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Joint Pain

The Major Link Between Exercise and Joint Pain

Author| Ben Bobrow, MD

Exercise is critical for strength, flexibility and balance, however people with chronic joint pain exercise less than the general population. There is good data showing that pain is reduced, function increased and surgery delayed when people do daily exercise. The most common type of joint pain is osteoarthritis, but other common cause of joint pain include gout, fibromyalgia, and rheumatoid arthritis.1

Common symptoms include pain and stiffness in joints like the knee, hips and shoulders. Arthritic pain is associated with worse functional and poorer quality of life when compared with other forms of chronic pain. There is good research evidence that lifestyle modification, particularly exercise, improves joint pain.2

Often joint pain causes people to avoid physical activity which sometimes can lead to excessive attention to that joint. This is termed avoidance behavior where people won’t engage in certain activities out of fear of causing further injury, and has been linked to continued pain.

Psychological and social factors have been shown to be among the most important predictors of both the presence and severity of long-term pain in a range of disorders including rheumatoid arthritis and osteoarthritis.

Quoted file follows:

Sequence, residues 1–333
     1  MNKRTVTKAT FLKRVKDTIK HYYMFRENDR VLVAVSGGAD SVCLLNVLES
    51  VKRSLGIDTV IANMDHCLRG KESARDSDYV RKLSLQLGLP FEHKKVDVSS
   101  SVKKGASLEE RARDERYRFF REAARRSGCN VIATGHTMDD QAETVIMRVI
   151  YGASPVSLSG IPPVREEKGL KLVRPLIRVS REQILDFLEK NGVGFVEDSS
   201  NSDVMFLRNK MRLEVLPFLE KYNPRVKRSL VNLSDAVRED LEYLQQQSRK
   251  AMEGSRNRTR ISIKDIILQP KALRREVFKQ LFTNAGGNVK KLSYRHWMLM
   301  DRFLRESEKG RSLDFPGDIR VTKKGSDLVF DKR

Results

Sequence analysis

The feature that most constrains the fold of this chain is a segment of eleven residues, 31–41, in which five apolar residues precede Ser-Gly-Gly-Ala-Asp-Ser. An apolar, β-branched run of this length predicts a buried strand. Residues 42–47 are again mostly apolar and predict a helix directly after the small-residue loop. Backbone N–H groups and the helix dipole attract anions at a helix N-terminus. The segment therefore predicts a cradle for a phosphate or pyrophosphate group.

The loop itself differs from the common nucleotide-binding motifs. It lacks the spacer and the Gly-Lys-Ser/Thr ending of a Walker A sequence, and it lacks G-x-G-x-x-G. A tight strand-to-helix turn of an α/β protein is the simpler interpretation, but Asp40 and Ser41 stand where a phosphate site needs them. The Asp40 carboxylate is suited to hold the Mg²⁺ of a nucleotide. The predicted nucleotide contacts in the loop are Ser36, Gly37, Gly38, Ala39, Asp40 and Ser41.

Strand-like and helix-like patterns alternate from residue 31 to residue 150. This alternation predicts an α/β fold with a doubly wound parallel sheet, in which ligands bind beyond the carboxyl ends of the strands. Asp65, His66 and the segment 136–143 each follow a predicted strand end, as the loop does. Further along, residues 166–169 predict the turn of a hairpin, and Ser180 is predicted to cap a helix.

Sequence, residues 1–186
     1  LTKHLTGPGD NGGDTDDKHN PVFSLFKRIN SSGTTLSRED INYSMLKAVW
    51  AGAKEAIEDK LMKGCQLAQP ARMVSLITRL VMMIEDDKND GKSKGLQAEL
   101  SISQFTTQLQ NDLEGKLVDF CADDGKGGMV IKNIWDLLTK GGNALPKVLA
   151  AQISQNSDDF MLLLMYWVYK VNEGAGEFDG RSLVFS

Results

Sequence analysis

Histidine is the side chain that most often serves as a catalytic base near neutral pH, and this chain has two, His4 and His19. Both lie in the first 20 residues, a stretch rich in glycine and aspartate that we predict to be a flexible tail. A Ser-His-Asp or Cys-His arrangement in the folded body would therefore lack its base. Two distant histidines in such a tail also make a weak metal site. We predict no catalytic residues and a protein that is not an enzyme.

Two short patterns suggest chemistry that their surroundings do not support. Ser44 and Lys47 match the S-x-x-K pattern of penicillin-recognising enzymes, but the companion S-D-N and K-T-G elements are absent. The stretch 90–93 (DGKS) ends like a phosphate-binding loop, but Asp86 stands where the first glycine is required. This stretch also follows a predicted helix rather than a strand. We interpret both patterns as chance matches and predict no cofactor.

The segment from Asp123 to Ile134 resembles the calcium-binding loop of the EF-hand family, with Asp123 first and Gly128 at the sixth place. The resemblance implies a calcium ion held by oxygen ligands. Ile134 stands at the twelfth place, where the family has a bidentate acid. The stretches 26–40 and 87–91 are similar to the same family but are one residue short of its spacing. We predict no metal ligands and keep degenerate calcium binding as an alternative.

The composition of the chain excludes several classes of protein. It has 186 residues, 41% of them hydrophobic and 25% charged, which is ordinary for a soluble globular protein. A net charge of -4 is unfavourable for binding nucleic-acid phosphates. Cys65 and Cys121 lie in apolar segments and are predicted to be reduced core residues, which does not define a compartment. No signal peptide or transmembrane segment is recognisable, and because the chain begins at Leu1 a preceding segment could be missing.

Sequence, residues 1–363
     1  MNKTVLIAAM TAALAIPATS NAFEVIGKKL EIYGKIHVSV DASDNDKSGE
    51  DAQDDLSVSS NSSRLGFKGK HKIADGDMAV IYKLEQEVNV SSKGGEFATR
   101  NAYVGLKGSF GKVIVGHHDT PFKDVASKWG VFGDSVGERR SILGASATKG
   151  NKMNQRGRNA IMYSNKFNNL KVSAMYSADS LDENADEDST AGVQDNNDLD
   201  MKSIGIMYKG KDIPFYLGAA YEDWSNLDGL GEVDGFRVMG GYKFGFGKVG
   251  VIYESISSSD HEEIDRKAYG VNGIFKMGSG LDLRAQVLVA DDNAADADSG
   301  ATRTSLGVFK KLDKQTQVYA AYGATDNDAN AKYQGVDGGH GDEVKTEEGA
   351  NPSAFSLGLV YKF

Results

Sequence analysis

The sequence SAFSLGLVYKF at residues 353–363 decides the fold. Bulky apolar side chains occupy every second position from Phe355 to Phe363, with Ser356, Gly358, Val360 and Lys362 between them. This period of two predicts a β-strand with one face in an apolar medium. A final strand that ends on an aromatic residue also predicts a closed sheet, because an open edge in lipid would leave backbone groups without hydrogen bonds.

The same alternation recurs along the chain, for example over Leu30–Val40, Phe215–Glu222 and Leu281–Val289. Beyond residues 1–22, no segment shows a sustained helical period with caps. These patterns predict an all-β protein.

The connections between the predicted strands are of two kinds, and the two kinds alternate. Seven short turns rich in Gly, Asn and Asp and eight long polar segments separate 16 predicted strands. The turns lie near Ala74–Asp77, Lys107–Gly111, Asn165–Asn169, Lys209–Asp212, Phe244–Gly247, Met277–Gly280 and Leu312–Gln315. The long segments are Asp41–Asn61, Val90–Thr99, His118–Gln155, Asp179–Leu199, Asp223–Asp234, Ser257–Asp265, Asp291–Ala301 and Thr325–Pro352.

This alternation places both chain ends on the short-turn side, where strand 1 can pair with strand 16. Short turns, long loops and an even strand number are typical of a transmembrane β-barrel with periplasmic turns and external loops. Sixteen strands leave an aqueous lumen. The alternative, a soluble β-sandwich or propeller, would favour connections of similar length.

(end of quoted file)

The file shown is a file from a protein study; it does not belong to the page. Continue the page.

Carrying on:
What Can Help

  • Exercise is critical for strength, flexibility and balance, however people with chronic joint pain exercise less than the general population. There is good data showing that pain is reduced, functioning increased and surgery delayed when people do daily exercise.
  • When patients adhere to a regime of keeping a personal diary and social support from friends, they can improve long-term outcomes.

References

  1. https://www.cdc.gov/arthritis/data_statistics/arthritis-related-stats.htm
  2. http://www.rheumatology.org/I-Am-A/Patient-Caregiver/Diseases-Conditions/Living-Well-with-Rheumatic-Disease/Exercise-and-Arthritis